An iterative process
While some argue this merely creates a bandwagon where each new ‘change’ iteration has to be explicitly labelled so – being better, and more meaningful than the next (the unrealised reality of which can itself cause fatigue), the idea has broad support.
“People at least need something; some grounding, which points to the new horizon you’re trying to reach,” argues Andy Rogers, joint CEO of technology developer, Amdaris, who says his business is up to Amdaris 3.0, and he is soon to take staff through the next phase of change, which he’ll call 3.5 (the company initially moved to 2.0, and now moves in 0.5 leaps each time).
“This alone makes it sound like we’re upgrading the business, to a new and better version,” he says. “But because some people like change, and others don’t, we support staff with tools and training they need to help them move to that new place.”
Without doubt change involves better management transparency, but it can also be helped with technology.
There’s been a lack of science around change, but mindful use of data is coming to an organisations’ rescue
EY’s Change Insights tool uses analytics to better capture real-time data about employees’ sentiment, behaviours, involvement and readiness for change. This ensures that when it does happen, the right interventions go to the right people in the right way to improve the change experience.
“We’ve recently used it on ourselves,” explains Johnson. “Using our Change Insights tool for a major transformation we were able to identify the need to take a more bespoke approach to working with our partner community and tailor our efforts accordingly. For too long there’s been a lack of science around change, but mindful use of data is coming to an organisations’ rescue.”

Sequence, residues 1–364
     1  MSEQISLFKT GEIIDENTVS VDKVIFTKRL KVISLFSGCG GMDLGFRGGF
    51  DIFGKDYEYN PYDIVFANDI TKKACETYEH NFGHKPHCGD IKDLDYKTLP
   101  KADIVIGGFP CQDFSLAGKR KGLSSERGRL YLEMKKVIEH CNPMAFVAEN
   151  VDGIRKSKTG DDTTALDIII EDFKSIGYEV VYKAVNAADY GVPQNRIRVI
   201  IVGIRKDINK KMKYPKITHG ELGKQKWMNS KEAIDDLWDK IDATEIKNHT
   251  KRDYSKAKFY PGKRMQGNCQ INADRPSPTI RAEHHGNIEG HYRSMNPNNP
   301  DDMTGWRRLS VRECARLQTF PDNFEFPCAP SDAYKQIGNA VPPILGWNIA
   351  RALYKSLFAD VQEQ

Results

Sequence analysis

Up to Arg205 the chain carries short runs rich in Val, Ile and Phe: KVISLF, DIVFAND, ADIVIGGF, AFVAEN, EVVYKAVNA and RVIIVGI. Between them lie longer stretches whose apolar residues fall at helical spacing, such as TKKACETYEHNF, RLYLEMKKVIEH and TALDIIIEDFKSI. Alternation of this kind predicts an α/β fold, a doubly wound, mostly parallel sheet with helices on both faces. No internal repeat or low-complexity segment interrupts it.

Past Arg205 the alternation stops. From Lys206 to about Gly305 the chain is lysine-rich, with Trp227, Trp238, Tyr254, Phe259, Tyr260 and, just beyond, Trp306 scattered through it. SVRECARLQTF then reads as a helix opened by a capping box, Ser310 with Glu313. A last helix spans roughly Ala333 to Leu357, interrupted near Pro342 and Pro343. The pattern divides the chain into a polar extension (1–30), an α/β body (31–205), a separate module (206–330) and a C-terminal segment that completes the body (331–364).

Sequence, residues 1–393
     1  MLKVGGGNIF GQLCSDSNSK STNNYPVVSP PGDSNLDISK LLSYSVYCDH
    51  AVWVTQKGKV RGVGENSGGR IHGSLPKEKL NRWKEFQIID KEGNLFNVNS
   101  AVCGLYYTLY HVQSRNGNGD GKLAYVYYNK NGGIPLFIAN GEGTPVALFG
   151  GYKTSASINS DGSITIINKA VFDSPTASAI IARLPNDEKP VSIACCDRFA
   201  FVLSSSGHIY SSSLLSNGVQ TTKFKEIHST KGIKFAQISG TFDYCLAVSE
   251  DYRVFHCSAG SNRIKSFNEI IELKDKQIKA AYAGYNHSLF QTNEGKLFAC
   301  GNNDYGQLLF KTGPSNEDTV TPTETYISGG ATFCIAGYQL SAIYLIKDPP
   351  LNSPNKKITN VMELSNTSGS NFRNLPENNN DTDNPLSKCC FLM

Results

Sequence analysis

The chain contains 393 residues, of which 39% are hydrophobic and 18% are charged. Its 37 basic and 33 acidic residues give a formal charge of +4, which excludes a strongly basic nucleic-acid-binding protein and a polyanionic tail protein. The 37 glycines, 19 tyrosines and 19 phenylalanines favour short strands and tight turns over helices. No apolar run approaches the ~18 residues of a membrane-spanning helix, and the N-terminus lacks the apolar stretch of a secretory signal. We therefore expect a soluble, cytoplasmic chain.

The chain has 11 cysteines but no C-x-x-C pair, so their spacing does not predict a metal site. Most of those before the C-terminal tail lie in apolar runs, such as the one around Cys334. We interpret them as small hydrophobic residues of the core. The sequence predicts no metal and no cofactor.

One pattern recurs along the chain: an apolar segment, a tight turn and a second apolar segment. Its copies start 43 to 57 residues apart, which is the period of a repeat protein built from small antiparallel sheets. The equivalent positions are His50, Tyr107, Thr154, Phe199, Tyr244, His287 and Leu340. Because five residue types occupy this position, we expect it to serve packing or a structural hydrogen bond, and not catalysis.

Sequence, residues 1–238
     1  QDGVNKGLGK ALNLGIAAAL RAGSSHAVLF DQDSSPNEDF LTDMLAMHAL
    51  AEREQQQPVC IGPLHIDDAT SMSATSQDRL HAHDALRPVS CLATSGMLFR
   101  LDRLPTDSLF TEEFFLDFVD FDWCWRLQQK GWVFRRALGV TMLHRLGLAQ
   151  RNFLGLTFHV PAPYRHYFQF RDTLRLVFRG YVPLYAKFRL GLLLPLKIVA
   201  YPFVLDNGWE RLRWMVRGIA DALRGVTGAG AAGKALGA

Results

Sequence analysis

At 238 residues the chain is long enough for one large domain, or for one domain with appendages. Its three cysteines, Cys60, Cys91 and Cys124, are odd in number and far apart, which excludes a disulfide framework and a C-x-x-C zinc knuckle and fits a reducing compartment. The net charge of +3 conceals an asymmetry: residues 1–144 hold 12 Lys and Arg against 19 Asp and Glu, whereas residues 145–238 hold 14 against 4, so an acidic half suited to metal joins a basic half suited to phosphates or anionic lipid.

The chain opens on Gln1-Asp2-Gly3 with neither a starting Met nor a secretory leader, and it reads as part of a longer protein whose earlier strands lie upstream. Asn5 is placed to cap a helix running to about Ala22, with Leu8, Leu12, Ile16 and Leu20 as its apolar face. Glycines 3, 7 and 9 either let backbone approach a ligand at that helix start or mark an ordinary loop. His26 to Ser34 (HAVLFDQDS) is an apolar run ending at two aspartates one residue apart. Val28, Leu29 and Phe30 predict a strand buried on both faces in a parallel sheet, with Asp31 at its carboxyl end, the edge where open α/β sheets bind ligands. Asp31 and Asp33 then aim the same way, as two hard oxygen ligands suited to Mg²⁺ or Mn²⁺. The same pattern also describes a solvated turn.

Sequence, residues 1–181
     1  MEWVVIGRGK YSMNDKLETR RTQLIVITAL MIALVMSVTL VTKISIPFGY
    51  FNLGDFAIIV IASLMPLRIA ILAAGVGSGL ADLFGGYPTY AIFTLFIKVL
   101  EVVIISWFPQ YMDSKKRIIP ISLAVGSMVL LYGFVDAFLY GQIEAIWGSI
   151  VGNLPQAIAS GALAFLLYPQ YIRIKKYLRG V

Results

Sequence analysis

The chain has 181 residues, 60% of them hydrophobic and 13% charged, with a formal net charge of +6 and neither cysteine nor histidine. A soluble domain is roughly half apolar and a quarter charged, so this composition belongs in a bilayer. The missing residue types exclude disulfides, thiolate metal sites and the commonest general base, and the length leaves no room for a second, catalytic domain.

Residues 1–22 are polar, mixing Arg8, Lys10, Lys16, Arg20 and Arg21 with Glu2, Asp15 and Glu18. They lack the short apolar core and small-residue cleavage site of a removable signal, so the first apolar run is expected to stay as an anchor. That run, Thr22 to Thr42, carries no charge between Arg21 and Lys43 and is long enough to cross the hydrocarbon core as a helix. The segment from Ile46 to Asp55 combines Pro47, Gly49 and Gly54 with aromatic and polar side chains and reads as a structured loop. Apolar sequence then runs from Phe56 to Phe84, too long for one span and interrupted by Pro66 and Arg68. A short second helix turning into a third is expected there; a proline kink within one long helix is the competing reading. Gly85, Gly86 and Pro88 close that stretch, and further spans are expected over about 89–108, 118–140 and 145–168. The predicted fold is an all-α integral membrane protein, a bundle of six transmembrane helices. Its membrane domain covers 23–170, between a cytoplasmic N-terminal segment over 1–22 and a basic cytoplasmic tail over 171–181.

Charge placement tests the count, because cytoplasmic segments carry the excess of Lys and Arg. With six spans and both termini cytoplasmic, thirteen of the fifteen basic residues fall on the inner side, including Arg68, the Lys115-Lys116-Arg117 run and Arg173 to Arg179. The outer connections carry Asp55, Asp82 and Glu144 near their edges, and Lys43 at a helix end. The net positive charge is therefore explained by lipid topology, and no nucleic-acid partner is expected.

Tailoring change to the individual
In her recent paper, Lessons Leaders can Learn from those Living Through Change, Ilze Lansdell-Zandvoort, researcher at Hult Ashridge Business School echoes this sentiment, arguing the key behaviours leaders need is to respect the past, focus on the how and what, manage engagement and do so by ensuring significance.
It might sound obvious, but with the panicked urgency that change invariably implies, it’s all too often forgotten.
“People might say taking a more individual approach to change is too time intensive, and not practical, says Johnson. “But the reality is that organisations can’t afford not to. Increasingly change approaches are iterative, where firms can trial approaches, use data to learn from it, and then move to the next phase, perhaps a bit differently. Data can also help to pinpoint detractors.”
She adds “These detractors are often the best people to get onboard, because they exert influence, which again can be measured.”
Do all this, she argues, and organisations will be better change-ready organisations; able to take staff on a journey that brings relevance and enabling them to embrace that nirvana that is continuous change.
Jankel concludes: “I say let’s get out of talking about change completely, and just have continuous transformation. The worst fatigue is when people are led to believe that change has a finish point. As we all know, it never finishes, and that’s what leaders have to get staff comfortable with.”